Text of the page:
PBL does contain a fair amount of self directed learning and studying but some people do more work than others and it's difficult to compare the amount of work an individual might do on one course compared to another. Interactivity wise, it's difficult to say. PBL as a concept is very interactive but seminars can be very interactive as well.
    Offline

    1
    ReputationRep:
    the most important fing for me is that you can plan your time better both for your learning to be directed at patient care AND for your own life management AND getting better value education to boot.

    instead of feeling compelled to turn up for lectures that can often be worthless in the long run, and losing out on valuable life time doing it, and losing out on money that isnt really being directed towards your medical education asd well as it could, but is suited to the lecturers needs instead.


    its a triple whammy of losses, and thats 'uge for me at least.

    there is a reverse aspect too.
    becos i am on a LBL course, and i've recognised that some of my modules are worthless in advance of them starting, i can skip whole terms of lectures quite easily. but its still a massive mispending of my money on my medical education if i am able to miss vast racts of lectures,......when you fink what you could ave done wif that money!
    Offline

    18
    ReputationRep:
    Horses for courses really I cannot say which one is better - but likely one of them is better for YOU.

    For me :
    PBL =
    Offline

    1
    ReputationRep:
    well said philo
    Offline

    0
    ReputationRep:
    imagine how further you would be ahead if you werent chained into doing this work, but focused on aspects of direct clinical relevance.
    also, you'd get more bang for your buck, wif teaching only when on on what you need, rather than what and when suits the lecturer. meanwhile, a lot of basic **** could be learned yourself from books. you can focus on more clinically relvant material whislt the LBL peeple are still learning chemical formulae of amino acids.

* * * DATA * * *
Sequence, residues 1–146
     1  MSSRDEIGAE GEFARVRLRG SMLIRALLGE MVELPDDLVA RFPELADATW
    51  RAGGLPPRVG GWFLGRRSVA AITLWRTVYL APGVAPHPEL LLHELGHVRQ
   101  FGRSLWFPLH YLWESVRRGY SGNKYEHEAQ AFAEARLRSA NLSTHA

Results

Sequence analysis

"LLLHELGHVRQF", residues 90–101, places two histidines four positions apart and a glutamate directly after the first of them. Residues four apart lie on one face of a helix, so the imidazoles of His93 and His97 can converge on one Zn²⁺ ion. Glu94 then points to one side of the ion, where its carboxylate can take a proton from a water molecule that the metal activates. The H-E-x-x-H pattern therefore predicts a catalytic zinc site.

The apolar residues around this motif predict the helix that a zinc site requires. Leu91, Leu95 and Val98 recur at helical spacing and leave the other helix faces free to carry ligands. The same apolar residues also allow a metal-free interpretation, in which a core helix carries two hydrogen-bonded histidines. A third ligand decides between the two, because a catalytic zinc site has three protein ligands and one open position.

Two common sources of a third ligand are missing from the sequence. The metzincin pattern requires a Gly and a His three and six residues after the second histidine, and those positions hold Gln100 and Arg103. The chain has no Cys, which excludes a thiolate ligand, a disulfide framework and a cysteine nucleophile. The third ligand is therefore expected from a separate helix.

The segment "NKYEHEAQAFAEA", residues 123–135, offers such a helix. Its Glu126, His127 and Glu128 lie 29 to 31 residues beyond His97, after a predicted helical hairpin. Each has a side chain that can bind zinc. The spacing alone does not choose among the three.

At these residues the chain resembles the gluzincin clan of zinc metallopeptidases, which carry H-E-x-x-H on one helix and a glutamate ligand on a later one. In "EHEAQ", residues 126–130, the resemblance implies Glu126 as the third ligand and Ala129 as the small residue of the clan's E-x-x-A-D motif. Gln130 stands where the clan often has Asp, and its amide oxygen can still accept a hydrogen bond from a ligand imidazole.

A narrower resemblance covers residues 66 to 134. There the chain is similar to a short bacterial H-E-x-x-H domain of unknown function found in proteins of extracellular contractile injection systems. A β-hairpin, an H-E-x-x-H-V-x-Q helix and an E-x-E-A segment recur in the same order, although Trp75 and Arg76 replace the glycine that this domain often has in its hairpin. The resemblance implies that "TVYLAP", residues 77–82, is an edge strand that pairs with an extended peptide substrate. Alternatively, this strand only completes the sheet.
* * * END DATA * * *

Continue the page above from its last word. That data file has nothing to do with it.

good reasons why the peninsula crowd are well ahead of the lecture based students by year 2.
    Although learning a lot of non-clinical stuff is a bit tedious, I strongly believe that without a decent science background, clinical stuff is a lot harder to fully understand. I'm a second year now, so it's a lot more clinical and I'm so grateful for the stuff we learnt in the first year, as without it I don't think I'd understand some of the material half as well.

    And as for peninsula students being ahead, they probably can name more diseases and drugs then I can, but I think I have a much better understanding of normal physiology and general pharmacological actions. And until you know what's normal, how can you understand what isn't!?

    Plus, my friend in their first year at peninsula has said that they have covered hardly any anatomy so far. Seems pretty crazy to me!
    Offline

    1
    ReputationRep:
    (Original post by jaderocks)
    Although learning a lot of non-clinical stuff is a bit tedious, I strongly believe that without a decent science background,
    aye, you do tend to believe what you want, clearly. you probably need to, to get thru all that tedious useless drivel.

    Plus, my friend in their first year at peninsula has said that they have covered hardly any anatomy so far. Seems pretty crazy to me!
    interesting observation, that is - seeing as most peeple would see a 2nd year medic from an entirely different school labelling qualified med school course tutors as pretty friggin fruitcake, macca.
 
 
 
Poll
Do you agree with the PM's proposal to cut tuition fees for some courses?

The Student Room, Get Revising and Marked by Teachers are trading names of The Student Room Group Ltd.

Register Number: 04666380 (England and Wales), VAT No. 806 8067 22 Registered Office: International House, Queens Road, Brighton, BN1 3XE

Write a reply...
Reply
Hide
Reputation gems: You get these gems as you gain rep from other members for making good contributions and giving helpful advice.